An ambitious, thought-provoking critique of tragedy in the 21st century.

THE RISK THEATRE MODEL OF TRAGEDY

GAMBLING, DRAMA, AND THE UNEXPECTED

Wong argues for a new model for tragedy in this debut work of literary criticism.

The stage tragedy was once at the artistic center of the culture, though much has changed in the centuries since Marlowe and Shakespeare gave the world Doctor Faustus and Macbeth. Wong argues that those dramatists succeeded in part because they had a model to work from: Aristotle’s Poetics. Essentially a tragedian’s how-to guide, Poetics has long since been rendered obsolete. Even so, a model is a valuable thing to have, and Wong seeks to provide a new one in the interest of returning the art form of tragedy to its former cultural relevance: “My term risk theatre derives from the notion that risk is central to the idea of tragedy. Risk theatre posits that each dramatic act is also a gambling act. Thus, the tragic occurs when risk runs awry, and risk theatre entertains by dramatizing this risk.” In an age of risk, when society lacks stability and to be heroic is to be a gambler, tragedies must find a way to dramatize the existential wager that people make every day. Wong outlines the structures and underlying theories of risk theatre, exploring how this model uniquely replicates the crises of our time. He also offers a historical overview of tragedy and analysis of the ways the genre functions as a medium both of entertainment and education. The prose here is academic but not alienating, and the author’s passion for his subject comes across in nearly every statement: “I propose that risk theatre prefers dangerous and uncertain settings not because, as some suppose, tragedy is an unhappy art, but because tragedy is a risk art. Because desperate times call for desperate measures, volatile settings increase the appetite for risk-taking.” The average reader can be forgiven for not giving tragedies much thought—that is part of Wong’s point—but the author’s diagnosis and remedy for the current state of theater are imaginative and quite persuasive. Playwrights will take a particular interest, but artists of any medium should consider Wong’s notion of the centrality of risk to the contemporary human condition.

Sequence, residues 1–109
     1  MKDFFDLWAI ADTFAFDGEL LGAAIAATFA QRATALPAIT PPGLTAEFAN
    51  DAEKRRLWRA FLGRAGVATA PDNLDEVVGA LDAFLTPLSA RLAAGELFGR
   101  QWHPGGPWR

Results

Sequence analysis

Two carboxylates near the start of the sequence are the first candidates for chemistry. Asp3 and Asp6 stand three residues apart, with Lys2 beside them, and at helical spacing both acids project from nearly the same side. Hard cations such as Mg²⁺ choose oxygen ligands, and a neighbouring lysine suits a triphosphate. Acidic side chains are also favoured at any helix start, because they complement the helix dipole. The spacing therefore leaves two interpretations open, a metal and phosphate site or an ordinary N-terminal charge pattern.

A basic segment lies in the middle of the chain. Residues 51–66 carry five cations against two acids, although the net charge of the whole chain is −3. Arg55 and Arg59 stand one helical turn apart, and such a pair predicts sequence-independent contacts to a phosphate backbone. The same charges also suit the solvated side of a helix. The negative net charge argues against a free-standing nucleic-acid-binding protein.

An ambitious, thought-provoking critique of tragedy in the 21st century.

Pub Date: Jan. 28, 2019

ISBN: 978-1-5255-3755-4

Page Count: 378

Publisher: FriesenPress

Review Posted Online: April 8, 2019

Kirkus Reviews Issue: May 15, 2019

Did you like this book?

No Comments Yet

WHAT A WONDERFUL WORLD

A LIFETIME OF RECORDINGS